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RATIONALE, OBJECTIVES AND ELEMENTS OF THIS LEGISLATION AS ORIGINALLY PERCEIVED BY THE POLICY BOARD FOR FINANCIAL SERVICES AND REGULATION (DECEMBER 1998)

(BRIEF SUMMARY OF DISCUSSIONS AT WORKSHOP)

Introduction

The basic assumption was that the regulation of financial advisers was necessary in order to compensate for market failures and regulatory failure by the State. In looking at market failure, within the context of financial advice, an asymmetrical flow of information in the market was identified as the main reason for market failure and it meant that the suppliers of financial products and/or the advisers had more information than the buyers of the products. Market failures as a result of asymmetrical information flows were usually addressed by the adoption of rules for market conduct, including:

Consumer/investor protection and education

Investor protection was reconfirmed as the main objective of the intended regulation of financial advisers. General agreement was reached that the focus of the regulation would only be on advice in respect of investment products, including insurance products with an investment component. It was accepted that the intended regulation had to be supplemented by the education of investors and advisers. Financial product suppliers and intermediary firms should be involved in the education process, but part of the responsibility for education had to be accepted by the statutory regulators.

Points raised in a discussion of elements of the intended regulation of advisers

3.1 Scope and intensity of regulation

In terms of the modular approach to consumer protection, referred to previously, and the specific focus of the intended regulation on investment and insurance advice, it would be necessary to focus on the investment area. Advice in respect of debt instruments, mainly bank deposits, had to stay outside the envisaged regulatory net and should be addressed largely through banking regulation.

The general conclusion about the scope and intensity of regulation was that the focus of the regulation would be on advice in respect of investment products, including insurance products with an investment component, and that high-intensity regulation should be considered in the case of more sophisticated products based on long-term contracts.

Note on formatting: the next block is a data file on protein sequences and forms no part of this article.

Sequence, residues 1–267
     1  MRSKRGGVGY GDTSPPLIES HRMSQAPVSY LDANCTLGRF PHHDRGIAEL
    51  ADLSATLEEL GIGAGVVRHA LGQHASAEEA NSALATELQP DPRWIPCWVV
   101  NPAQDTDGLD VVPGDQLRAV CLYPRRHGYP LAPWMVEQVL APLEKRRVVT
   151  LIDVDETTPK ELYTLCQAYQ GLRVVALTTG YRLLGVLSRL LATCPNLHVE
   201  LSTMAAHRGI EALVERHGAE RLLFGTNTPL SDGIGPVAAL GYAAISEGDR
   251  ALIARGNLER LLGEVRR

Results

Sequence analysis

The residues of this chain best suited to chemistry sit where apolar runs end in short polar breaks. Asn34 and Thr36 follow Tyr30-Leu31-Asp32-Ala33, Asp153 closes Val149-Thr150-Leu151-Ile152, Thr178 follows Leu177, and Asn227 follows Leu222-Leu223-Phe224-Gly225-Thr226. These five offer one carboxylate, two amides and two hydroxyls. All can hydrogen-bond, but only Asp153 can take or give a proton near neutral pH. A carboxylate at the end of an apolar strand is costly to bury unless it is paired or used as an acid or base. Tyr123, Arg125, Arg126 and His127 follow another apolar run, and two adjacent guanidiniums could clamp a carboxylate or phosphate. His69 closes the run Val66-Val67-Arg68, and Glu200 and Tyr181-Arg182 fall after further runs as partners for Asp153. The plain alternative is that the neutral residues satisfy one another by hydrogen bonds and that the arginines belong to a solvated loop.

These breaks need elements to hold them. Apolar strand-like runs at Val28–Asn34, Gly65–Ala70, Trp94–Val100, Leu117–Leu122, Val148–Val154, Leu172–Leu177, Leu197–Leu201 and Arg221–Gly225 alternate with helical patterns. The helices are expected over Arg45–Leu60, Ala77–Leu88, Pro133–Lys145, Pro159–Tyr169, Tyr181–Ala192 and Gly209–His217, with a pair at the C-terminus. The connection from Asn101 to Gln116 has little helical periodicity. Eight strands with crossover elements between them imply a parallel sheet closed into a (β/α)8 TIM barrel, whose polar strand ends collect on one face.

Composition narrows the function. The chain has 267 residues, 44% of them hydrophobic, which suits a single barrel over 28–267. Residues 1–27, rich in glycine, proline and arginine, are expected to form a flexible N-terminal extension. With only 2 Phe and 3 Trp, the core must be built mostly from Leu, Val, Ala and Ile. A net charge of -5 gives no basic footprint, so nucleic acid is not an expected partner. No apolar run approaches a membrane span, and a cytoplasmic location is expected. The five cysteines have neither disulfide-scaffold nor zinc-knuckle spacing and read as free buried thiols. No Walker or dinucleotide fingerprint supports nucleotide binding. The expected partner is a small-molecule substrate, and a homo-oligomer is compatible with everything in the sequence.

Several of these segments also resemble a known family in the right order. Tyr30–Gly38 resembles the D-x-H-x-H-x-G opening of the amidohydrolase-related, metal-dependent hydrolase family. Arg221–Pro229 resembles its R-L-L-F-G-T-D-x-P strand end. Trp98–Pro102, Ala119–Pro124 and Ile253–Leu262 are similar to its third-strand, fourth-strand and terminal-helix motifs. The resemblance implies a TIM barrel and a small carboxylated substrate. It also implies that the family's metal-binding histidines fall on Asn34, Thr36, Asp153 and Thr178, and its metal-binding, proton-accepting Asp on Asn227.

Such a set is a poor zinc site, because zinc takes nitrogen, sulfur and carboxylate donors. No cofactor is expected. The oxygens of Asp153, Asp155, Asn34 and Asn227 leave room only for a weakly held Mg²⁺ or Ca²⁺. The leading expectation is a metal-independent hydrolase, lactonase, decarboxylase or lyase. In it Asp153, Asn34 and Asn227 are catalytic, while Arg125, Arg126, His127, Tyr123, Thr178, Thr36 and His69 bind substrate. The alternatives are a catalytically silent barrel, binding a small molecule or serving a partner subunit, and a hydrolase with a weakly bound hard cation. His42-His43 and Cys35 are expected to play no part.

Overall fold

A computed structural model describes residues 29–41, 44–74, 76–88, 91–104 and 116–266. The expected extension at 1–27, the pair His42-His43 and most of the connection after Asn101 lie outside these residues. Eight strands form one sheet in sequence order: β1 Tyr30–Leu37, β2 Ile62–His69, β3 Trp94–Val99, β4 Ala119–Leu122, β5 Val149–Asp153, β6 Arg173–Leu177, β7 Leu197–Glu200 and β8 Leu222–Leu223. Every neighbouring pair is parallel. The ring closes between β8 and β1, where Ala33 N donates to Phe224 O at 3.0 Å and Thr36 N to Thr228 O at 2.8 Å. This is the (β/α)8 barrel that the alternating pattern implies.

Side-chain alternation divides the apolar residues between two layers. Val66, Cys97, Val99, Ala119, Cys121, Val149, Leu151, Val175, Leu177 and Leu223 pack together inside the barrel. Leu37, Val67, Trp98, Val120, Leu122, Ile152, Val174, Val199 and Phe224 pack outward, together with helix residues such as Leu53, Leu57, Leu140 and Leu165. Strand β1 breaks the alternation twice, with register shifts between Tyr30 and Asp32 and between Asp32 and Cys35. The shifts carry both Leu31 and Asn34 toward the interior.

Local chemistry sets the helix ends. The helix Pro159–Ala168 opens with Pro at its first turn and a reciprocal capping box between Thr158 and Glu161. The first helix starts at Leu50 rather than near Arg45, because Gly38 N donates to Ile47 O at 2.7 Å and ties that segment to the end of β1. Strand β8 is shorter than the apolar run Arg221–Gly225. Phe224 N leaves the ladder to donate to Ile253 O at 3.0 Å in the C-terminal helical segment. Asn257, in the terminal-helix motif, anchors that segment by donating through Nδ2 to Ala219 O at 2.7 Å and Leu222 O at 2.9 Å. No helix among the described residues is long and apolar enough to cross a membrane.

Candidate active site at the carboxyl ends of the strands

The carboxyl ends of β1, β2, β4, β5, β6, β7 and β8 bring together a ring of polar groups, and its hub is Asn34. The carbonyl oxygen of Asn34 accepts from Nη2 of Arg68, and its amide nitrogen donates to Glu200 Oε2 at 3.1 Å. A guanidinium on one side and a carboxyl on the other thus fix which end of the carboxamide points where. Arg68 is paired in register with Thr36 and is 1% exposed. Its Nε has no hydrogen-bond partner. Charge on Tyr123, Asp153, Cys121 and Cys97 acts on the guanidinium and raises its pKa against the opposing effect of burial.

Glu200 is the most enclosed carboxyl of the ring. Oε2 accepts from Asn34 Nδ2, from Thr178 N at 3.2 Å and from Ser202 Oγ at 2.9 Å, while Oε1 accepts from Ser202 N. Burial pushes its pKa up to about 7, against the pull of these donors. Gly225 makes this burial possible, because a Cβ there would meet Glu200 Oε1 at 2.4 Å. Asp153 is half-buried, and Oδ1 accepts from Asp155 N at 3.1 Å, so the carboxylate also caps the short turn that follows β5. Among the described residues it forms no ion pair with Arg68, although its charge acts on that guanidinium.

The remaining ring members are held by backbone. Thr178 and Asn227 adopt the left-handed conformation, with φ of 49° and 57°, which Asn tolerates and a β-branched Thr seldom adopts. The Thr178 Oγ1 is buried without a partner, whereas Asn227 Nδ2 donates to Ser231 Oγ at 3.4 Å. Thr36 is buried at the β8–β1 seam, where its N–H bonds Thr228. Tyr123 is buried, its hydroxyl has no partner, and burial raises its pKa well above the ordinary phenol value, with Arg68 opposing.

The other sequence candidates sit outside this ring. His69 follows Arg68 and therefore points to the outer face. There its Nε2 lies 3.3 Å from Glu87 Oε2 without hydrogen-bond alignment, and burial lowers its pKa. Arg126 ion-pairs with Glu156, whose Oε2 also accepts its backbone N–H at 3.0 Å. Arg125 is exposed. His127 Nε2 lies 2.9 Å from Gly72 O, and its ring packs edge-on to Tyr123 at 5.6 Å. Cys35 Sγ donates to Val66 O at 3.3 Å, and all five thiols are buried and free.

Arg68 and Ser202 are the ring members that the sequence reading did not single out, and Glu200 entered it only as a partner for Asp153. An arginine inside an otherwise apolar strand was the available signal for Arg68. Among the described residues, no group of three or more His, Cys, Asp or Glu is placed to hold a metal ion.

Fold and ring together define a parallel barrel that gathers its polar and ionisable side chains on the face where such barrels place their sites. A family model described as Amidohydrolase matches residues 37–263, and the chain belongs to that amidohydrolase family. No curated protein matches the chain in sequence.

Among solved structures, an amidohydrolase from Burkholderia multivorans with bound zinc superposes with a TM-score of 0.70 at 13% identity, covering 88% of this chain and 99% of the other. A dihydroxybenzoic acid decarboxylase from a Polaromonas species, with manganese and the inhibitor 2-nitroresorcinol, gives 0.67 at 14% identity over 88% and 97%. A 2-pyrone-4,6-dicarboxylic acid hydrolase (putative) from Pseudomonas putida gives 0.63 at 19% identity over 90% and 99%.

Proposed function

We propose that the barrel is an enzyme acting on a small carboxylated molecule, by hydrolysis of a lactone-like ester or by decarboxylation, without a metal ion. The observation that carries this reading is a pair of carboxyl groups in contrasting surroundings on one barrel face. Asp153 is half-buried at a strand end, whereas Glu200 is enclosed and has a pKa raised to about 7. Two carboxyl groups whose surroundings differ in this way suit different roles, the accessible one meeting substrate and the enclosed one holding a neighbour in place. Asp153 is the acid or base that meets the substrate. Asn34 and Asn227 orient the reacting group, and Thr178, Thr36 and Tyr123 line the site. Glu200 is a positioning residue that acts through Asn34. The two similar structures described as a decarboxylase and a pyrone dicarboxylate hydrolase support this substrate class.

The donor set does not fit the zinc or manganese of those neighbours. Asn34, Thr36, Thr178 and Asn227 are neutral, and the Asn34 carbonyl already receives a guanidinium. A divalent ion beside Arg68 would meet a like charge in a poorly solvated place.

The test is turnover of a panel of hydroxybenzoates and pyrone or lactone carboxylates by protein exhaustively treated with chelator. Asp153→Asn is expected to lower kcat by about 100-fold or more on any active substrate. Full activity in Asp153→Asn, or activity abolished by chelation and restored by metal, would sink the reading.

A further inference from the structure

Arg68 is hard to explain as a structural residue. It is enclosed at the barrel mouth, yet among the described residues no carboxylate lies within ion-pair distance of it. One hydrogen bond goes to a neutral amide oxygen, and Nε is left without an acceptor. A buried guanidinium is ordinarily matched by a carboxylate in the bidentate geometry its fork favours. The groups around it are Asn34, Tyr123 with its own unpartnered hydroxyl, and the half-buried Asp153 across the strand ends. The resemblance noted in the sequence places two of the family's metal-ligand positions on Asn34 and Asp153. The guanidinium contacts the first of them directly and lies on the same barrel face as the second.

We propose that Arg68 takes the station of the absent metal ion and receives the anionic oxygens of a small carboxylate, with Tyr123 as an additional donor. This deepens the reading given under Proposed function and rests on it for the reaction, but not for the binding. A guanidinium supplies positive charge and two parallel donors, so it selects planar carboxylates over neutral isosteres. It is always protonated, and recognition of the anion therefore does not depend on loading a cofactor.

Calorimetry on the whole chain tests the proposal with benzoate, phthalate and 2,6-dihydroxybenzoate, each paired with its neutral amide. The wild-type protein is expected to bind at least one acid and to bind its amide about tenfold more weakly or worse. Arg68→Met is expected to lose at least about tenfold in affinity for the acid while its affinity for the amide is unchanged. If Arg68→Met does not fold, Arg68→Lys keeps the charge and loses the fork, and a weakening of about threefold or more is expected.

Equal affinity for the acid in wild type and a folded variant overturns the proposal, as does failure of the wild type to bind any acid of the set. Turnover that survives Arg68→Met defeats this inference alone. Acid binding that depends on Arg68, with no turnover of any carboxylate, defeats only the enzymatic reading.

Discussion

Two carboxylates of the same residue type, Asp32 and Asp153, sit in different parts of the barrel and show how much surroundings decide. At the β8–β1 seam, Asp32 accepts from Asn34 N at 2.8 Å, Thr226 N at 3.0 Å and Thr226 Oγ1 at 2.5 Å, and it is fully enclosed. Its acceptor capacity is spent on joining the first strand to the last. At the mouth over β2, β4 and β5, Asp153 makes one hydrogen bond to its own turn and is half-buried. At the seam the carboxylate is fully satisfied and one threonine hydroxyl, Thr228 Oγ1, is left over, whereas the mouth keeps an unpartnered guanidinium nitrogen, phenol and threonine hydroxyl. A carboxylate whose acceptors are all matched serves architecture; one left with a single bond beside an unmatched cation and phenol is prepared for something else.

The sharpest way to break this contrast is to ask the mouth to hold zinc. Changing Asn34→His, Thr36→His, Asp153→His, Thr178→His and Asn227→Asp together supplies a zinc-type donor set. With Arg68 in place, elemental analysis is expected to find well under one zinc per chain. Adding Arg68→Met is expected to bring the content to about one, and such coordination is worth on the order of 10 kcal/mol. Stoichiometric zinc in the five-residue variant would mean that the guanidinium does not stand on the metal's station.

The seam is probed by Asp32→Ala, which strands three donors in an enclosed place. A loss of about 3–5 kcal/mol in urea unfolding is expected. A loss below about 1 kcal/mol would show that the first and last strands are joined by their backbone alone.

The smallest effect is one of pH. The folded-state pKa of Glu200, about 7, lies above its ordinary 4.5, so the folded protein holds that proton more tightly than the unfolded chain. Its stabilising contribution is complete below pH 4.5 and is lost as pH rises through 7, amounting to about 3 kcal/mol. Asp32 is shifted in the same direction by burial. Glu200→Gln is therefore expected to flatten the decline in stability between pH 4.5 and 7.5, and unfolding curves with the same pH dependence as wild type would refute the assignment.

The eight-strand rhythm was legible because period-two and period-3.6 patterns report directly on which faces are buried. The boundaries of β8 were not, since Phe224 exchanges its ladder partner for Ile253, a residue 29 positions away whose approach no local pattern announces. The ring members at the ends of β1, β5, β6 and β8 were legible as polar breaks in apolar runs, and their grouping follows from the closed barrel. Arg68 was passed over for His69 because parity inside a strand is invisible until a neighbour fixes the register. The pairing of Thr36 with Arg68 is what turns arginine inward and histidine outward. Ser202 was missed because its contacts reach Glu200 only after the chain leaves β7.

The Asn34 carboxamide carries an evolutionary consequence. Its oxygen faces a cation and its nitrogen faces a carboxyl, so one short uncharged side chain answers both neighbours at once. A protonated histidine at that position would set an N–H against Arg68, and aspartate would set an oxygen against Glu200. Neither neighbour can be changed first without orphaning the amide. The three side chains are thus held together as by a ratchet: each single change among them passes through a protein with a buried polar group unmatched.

3.2 Entry requirements and professionalism of advisers

The general conclusion was that competency requirements and the training of advisers and marketers of financial products were necessary in order to establish a professional group of service providers in South Africa. Because of the variation in investment services providers, in terms of standardised as well as sophisticated products, differentiation in the required competencies of advisers was warranted.

3.3 Standards for the market-conduct of advisers

Although no explicit comprehensive conclusion was reached at the workshop on standards of market conduct for advisers, there was general agreement on the need for standards or a code of conduct for advisers. Important standards or elements of a code of conduct related to the

 

 

4. Responsibilities of financial product suppliers

The general view of participants in the workshop was that the main focus of the intended regulation would be on advisers in order to achieve the objective of investor protection. This approach, however, would not rule out the assignment of responsibility to product suppliers.

5. Cost of regulation

Experience indicated that in the medium to long term the implicit cost of not having investor protection was far higher than the explicit cost of investor protection through regulation. It was necessary to look at regulatory costs from different angles. Direct and quantifiable regulatory or supervisory costs should be weighed up against unquantifiable costs in the form of losses incurred by investors through lapses and surrenders of investment contracts.

A cost-benefit analysis done in the United Kingdom indicated that the benefits of regulation far outweighed the costs of regulation because investors became better educated. Not only did this result in more informed investment decisions, but the services required by investors became better defined and, accordingly, the cost of services declined.